Today I’m trying something different on the blog, writing about a poetry collection. I’ve never quite felt at home with poetry in the way I do with prose, so I don’t know exactly how this is going to go, but let’s see…
Sulochana Manandhar’s Night (translated from the Nepali by Muna Gurung) is one of a series of poetry chapbooks published by Tilted Axis Press under the title ‘Translating Feminisms‘. It’s a set of 25 short poems (taken from an original set of 60) themed around the night, and were mostly written at night.
Each poem tends to revolve around a central image, from night as fertile ground for dreaming…
Night – rich soil of silence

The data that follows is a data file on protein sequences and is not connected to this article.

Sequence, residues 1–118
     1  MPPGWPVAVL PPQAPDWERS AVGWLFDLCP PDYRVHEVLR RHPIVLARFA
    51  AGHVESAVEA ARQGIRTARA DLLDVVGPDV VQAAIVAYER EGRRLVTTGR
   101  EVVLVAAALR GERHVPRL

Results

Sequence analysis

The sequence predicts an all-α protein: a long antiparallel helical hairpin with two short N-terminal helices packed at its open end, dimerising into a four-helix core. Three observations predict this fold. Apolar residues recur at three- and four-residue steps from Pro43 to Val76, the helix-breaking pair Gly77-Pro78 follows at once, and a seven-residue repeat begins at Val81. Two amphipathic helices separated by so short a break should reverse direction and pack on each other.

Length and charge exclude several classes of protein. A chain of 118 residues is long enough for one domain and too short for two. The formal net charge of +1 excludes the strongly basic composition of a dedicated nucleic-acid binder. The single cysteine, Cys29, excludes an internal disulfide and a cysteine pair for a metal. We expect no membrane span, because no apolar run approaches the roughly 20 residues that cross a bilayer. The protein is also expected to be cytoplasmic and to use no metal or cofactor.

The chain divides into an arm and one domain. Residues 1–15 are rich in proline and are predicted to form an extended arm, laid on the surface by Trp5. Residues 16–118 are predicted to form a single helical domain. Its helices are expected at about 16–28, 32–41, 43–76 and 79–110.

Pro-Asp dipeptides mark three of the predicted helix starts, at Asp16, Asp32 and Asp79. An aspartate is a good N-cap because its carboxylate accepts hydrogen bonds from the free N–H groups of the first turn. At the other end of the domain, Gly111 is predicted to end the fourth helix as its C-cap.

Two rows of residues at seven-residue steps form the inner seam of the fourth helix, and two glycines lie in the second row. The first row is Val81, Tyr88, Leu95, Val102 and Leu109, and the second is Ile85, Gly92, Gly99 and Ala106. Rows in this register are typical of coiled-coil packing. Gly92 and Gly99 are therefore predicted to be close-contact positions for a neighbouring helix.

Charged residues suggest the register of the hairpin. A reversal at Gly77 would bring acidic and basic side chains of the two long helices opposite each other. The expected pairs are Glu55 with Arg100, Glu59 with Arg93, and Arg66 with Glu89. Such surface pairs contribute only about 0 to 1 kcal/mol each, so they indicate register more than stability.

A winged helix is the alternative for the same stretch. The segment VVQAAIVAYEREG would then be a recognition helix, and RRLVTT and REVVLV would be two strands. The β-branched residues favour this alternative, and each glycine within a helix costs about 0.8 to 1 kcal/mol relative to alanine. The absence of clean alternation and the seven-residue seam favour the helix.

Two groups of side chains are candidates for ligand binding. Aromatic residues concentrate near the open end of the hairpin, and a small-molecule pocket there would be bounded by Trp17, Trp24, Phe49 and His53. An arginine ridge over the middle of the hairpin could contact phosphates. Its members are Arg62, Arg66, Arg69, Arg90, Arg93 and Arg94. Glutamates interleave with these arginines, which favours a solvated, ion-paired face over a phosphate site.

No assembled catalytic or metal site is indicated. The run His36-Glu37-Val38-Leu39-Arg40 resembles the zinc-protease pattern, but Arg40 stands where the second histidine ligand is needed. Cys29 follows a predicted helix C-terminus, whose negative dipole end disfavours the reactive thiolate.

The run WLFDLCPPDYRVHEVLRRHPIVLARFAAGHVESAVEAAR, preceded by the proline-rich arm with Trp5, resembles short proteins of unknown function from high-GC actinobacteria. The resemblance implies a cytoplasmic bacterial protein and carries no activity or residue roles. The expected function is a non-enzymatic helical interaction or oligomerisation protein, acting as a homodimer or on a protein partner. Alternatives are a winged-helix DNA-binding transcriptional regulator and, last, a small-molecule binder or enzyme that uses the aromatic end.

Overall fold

where I sow exquisite dreams,
filling the granary
…to the night as a space of liberation.
My night is no one’s property
is the land in which I feel free
where I no longer fear subjugation
It’s striking to me how quiet these poems are: this is not a book about a busy, active night – the night as a backdrop for things to happen against. Manandhar is very much concerned with the individual’s relationship with the night, especially the night spent in solitude. Night is not only something to fear, either: in these poems, the night can also be a source of mystery, wonder, even comfort.
Perhaps inevitably after reading Manandhar’s collection, I ended up reflecting on my own relationship with the night. Chances are that, among these poems, there will be some way of looking at the night that hadn’t occurred to you. Night is a book to contemplate, one that slowly unfurls itself in the mind.
Night by Sulochana Manandhar, tr. Muna Gurung (2019), Tilted Axis Press, 40 pages, chapbook.
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